30 Days of Creativity, Day 3: Annealing pan

Some of you know that I am slowly adding some metalworking capability to my little home workspace (Mike’s lent me his Sherline mill, Frankie dug up an old welding outfit, my dad supplied the bench grinder, etc.). As I save up for the items and services I’ll need to pay for, I’ve started to build out the tools I can. I’m not doing anything as sweet as Frankie’s most recent, but I’m starting on a ring clamp, and I managed to finish up my annealing pan this evening.To be completely honest, I just needed to fill it, as I’d done the construction a few weeks ago. Still, I’m counting it… I “finished” it today!


The pan is a square of MDF, bolted to a swivel bearing, bolted to a metal pan I’ve had for years. That, and a firebrick.

The result is actually pretty good. Eventually, I’ll have to swap out the pea gravel I have in there now for pumice, but it will work for now. I’d assumed that any small stone would work to insulate the pan and to allow stable positioning… nope. Regular gravel does little to keep the pan from heating up. I figured that one out after using my little pencil torch to dry out the gravel, and then touching the sides of the pan. I won’t make that mistake again. Here are a few more shots:

[pe2-gallery] IMG_20110603_235114.jpgIMG_20110603_235211.jpg[/pe2-gallery]

Oh, and I added that clever little zoom effect to the images in the blog (highslide to those who know).

9 Replies to “30 Days of Creativity, Day 3: Annealing pan”

    1. Hi,

      What is MDF? and what is the rectangular piece in the annealing pan? Can I use cat litter for the pumice? I need to make an annealing pan to torch fire BRONZclay with a swivel. Thanks Janet

      1. Hey Janet,

        MDF is Medium Density Fiberboard (http://en.wikipedia.org/wiki/Medium-density_fibreboard). You’ve seen it, I’m sure. If you ever bought a cheap piece of cabinetry, this the stuff they usually use for the back. It’s basically particle board, but with much smaller particles.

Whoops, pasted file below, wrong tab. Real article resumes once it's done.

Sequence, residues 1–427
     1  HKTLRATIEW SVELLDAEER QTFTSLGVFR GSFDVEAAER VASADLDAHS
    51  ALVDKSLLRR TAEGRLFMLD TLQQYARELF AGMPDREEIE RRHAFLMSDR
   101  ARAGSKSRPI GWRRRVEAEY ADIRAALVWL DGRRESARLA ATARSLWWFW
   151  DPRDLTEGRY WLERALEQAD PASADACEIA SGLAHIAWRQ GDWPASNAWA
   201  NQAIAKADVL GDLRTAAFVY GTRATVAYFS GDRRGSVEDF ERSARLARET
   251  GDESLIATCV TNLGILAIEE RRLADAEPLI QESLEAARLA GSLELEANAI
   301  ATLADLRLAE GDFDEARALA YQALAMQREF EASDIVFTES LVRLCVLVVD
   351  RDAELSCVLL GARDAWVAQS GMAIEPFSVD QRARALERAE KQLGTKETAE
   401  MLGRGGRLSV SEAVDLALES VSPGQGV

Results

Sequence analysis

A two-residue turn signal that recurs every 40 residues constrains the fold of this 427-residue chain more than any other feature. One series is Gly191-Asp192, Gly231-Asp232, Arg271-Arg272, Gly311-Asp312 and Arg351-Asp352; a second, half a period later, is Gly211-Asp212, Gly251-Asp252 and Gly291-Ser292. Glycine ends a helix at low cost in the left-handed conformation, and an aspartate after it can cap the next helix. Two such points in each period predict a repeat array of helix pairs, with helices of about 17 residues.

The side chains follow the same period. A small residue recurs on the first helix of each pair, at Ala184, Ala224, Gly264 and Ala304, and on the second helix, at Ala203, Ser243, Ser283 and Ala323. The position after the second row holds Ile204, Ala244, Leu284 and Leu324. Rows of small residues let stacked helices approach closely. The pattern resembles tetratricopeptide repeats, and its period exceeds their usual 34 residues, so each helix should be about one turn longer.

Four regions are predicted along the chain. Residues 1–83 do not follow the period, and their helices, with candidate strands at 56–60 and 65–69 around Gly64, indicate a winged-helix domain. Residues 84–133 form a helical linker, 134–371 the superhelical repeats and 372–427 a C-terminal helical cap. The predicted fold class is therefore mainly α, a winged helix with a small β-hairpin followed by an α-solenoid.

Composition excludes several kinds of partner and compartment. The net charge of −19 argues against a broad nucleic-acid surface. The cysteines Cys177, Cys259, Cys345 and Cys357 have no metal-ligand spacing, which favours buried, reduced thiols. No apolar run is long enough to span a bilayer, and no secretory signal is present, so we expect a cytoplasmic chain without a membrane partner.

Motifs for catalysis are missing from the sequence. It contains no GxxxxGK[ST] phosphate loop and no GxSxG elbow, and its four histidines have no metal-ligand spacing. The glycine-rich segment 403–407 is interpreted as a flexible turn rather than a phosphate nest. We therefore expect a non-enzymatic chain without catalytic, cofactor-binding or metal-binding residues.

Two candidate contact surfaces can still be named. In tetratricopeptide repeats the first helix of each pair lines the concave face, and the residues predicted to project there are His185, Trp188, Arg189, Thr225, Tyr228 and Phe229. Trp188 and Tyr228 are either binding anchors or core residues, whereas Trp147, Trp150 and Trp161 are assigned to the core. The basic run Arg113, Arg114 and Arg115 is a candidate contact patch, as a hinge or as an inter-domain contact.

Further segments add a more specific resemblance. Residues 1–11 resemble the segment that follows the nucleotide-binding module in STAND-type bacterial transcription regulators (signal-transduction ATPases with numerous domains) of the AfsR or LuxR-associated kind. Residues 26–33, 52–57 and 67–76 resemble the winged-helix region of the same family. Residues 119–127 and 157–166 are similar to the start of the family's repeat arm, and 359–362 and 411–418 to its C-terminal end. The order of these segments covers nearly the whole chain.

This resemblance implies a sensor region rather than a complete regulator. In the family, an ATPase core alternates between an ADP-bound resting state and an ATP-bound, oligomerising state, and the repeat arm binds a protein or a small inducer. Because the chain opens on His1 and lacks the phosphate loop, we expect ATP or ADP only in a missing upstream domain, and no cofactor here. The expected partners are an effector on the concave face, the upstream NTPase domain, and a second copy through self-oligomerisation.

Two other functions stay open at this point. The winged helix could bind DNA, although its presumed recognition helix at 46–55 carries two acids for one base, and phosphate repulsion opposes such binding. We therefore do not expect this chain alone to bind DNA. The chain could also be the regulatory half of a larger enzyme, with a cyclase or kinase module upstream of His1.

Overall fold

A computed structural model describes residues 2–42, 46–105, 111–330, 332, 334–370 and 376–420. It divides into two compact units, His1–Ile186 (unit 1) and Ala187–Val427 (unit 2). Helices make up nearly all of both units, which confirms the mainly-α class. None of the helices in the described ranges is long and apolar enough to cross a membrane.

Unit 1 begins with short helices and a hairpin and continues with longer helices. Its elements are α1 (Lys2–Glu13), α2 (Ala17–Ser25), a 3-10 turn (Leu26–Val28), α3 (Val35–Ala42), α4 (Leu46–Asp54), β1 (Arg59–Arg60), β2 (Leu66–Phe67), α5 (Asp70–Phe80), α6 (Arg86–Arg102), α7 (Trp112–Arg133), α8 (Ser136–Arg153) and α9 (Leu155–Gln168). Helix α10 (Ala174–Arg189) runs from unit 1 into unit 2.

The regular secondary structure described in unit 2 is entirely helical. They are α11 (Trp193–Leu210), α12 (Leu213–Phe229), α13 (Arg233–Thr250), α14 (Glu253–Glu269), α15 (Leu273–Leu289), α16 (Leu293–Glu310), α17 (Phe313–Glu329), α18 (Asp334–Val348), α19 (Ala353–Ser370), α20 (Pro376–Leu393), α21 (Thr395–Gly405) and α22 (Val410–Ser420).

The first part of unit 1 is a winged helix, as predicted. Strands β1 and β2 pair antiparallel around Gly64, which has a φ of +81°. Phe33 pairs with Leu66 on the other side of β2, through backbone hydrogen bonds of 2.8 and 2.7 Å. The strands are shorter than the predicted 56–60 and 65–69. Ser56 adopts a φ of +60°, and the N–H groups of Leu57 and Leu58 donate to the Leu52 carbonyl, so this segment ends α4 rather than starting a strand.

The Rectangular piece is a bit of firebrick I picked up at a local surplus place. Firebrick (or refractory brick) is basically a ceramic brick designed to handle high temps and to not conduct heat. (http://en.wikipedia.org/wiki/Firebrick)

        I’d be a little nervous about using cat litter. Most of the stuff you get in stores has perfumes, dyes, and all manner of terrifying stuff. If you can’t get your hands on some pumice, you can try regular old gravel. I’d think sand would work as well, though it might be a bit messy if you’re working indoors.

  1. Just seeing this now/setting up my own metalsmithing area in my studio, and like to DIY everything I can. Thanks for useful pics & advice. Question: can the pan be any metal pan, or should it be a specific metal? If so, what? Thanks!

  2. Probably any metal pan would work, but I’d give you two suggestions:

    1- Don’t use one with any kind of non-stick or protective surface inside. Teflon vaporizes at temperatures way below anything you’d need for metalwork.

    2- Hit a Salvation Army or Goodwill store (my father calls it the “Goodie Store”) and grab an old cake pan or two. Just look for the ones without any sort of coating.

    Send me a photo or two when you get your put together! I’d love to see it.

    also, check out the Ring Clamp: http://heph.aest.us/blog/2011/06/30-days-of-creativity-day-6-ring-clamp/

    1. Vermiculite should work, as it’s just another volcanic mineral, but it will probably retain heat a little longer than pumice. I don’t see why it would be an issue.

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